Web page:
New Roadmap also outlines interim goals for 2025 and 2030

A New York New Jersey Railroad low-emission locomotive

As of July 3, trucks with model year 1998 engines or older have been denied access to the Port of New York and New Jersey marine terminals. Also starting July 3, only trucks equipped with a 2014 engine or newer were permitted to register for port access.

Those measures were just the latest in a multi-pronged effort undertaken by the Port Authority of New York and New Jersey to achieve net zero emissions by 2050.

“Truck drivers who’ve never served the port before must now have a 2014 or newer engine on their truck,” explained Mike Bozza, deputy port director at the Port Authority. “We’ve also had a truck replacement program in place for many years.”

Under that program, Class 8 diesel-fueled port drayage trucks with a Gross Vehicle Weight Rating of 33,001 pounds or greater and equipped with a 1998 to 2006 engine are eligible to receive a grant for up to 50% of the purchase price, or a maximum of $25,000 per truck, whichever is less, for up to two replacement trucks with 2014 engines or newer, and the older trucks must be scrapped. The Truck Replacement Program (TRP) is funded by the federal Congestion Mitigation and Air Quality Improvement (CMAQ) Program and the U.S. Environmental Protection Agency’s Diesel Emission Reduction Program (DERA).

To qualify, independent owner operators and licensed motor carriers must have made at least 150 drayage trips to the port’s marine terminals and a minimum of 7,000 miles during each 12-month period for 24 months prior to the replacement. Applicants must also agree to continue to service Port Authority marine terminals with the replacement truck for a minimum of 150 times per year for five years after the date of purchase.

The truck programs, said Bozza, “get us part of the way” to net zero.

The New Roadmap to Net Zero

In September, the Port Authority released a roadmap on how it intends to get to net-zero greenhouse gas emissions by 2050. The roadmap also sets interim goals “to get 35% reductions in emissions by 2025 and 50% by 2030,” said Bozza. “It’s a robust plan, not just for the seaport but for the entire agency.”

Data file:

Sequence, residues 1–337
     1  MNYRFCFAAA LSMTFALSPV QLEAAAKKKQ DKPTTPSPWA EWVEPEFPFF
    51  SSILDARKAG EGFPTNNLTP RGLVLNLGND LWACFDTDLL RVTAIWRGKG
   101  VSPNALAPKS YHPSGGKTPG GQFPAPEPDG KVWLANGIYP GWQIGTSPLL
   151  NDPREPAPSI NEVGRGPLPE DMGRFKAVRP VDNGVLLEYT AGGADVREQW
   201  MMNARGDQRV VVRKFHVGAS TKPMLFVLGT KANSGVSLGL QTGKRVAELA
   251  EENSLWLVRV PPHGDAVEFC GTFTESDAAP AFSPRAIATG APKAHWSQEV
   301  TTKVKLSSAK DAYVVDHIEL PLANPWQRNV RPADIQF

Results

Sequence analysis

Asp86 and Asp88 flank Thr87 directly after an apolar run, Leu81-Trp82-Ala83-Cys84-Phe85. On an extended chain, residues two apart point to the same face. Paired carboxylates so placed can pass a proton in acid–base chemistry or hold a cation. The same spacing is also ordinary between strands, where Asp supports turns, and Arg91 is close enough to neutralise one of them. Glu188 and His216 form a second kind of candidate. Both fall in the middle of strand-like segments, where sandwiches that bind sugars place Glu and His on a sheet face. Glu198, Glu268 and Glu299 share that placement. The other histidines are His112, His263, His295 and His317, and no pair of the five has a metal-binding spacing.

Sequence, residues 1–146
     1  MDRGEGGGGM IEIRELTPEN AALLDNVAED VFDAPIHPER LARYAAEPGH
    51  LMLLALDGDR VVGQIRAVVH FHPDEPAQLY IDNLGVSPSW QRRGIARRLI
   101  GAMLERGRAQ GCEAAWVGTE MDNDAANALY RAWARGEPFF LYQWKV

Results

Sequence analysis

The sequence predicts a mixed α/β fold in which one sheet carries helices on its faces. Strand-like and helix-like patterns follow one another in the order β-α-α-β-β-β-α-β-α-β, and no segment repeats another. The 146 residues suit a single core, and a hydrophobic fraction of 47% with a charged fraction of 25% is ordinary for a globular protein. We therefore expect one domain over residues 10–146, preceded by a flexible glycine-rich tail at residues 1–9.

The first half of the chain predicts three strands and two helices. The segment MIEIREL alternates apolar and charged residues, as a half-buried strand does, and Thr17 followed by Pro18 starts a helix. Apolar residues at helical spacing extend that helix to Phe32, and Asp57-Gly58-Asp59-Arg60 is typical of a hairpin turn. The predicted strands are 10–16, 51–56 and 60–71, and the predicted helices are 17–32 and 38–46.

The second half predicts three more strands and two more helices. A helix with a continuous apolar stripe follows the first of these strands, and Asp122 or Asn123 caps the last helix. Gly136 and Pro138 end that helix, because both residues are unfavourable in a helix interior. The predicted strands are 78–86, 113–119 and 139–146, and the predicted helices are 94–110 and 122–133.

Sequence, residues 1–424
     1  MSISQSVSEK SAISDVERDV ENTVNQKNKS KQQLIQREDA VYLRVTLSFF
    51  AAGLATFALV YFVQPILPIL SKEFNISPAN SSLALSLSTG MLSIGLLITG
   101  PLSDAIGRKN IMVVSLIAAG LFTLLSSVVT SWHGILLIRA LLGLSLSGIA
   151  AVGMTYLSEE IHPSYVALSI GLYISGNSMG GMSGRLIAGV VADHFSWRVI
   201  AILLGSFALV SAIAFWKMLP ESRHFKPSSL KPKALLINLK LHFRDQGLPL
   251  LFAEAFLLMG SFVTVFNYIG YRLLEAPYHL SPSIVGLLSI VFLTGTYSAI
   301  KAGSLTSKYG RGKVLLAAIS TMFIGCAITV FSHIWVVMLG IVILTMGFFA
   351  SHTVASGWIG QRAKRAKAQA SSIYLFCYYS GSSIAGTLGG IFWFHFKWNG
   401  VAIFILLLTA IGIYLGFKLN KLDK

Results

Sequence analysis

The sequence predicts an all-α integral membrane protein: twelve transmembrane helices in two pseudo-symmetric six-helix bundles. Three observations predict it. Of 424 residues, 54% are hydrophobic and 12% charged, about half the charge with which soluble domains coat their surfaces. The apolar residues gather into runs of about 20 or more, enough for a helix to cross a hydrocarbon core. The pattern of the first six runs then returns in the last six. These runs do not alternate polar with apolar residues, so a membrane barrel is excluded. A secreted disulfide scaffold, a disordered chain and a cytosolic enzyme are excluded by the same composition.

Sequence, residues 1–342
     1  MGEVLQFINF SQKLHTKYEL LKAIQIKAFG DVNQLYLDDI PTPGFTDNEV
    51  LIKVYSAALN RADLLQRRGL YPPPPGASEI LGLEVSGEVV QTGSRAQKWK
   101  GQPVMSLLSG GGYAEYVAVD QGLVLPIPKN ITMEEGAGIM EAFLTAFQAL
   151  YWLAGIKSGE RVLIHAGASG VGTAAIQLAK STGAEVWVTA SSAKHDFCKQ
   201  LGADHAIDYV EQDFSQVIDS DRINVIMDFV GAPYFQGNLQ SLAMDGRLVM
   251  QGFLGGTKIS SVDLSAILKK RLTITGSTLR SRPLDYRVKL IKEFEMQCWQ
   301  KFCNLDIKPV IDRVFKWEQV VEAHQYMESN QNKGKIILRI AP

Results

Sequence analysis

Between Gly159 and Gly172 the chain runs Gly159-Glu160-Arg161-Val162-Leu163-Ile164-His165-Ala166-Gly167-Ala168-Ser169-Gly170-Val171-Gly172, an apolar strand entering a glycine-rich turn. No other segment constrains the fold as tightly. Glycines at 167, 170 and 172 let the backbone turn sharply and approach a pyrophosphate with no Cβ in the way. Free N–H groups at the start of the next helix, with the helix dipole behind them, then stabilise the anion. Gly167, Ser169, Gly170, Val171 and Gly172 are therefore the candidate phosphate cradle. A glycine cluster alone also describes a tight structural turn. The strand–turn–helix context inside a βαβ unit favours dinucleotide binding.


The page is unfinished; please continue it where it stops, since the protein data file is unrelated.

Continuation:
Acquisitions and orders now in place will convert 50% of the light duty fleet to electric by 2025. The roadmap accelerated the goal for 100% conversion to 2028. The document reported that ship-to-shore and rail-mounted gantry cranes have already achieved a 98% electric milestone, with 89 of the 91 ship-to-shore and rail-mounted-gantry cranes currently in use at the Port of New York and New Jersey’s marine terminals being fully electric.

“All are targeted to be electric by 2026 through the Port Authority’s Marine Tariff program, incentivizing electric equipment conversion by seaport tenants,” noted the roadmap document.

Other measures at the seaport include phasing in more stringent environmental initiatives to promote use of zero-emission ship fuel, equipment, and trucks at container terminals, supported with charging infrastructure. The Port Authority also committed to increasing the use of rail and barge shipping instead of diesel trucks, including through planned upgrades to the port’s ExpressRail intermodal system and the Port Authority’s wholly owned short line marine railroad, New York New Jersey Rail, and cross-harbor railcar barge.

Clean Vessel Incentive Program

The Port Authority has had a Clean Vessel Incentive ongoing for several years, which provides financial incentives to encourage vessel operators to make engine, fuel, and technology enhancements to reduce emissions beyond the environmental standards set by the International Maritime Organization. The program awards incentives for vessels that reduce their speed to 10 knots or less from 20 nautical miles outside of the territorial sea line, that run engines that meet clean engine standards regulations, and those that use alternative fuels.

“The Port Authority board recently reauthorized that program for an additional five years,” noted Bozza.

The program enjoys a 65% participation rate among vessels calling on the port. K Line was recently recognized for top honors for a second year in a row for its slow steaming efforts, with an 85% compliance rate. Maersk was number two with a 76% compliance rate, while Mitsui O.S.K. Lines performed at the 70% level.

Reducing vessel speeds improves air quality near population centers, the roadmap noted, and also reduces the risk of fatal strikes on whales.

“In 2021,” said Bozza, “the clean vessel program helped remove 850 tons of nitrogen oxides and 62 tons of sulfur oxides from the air.”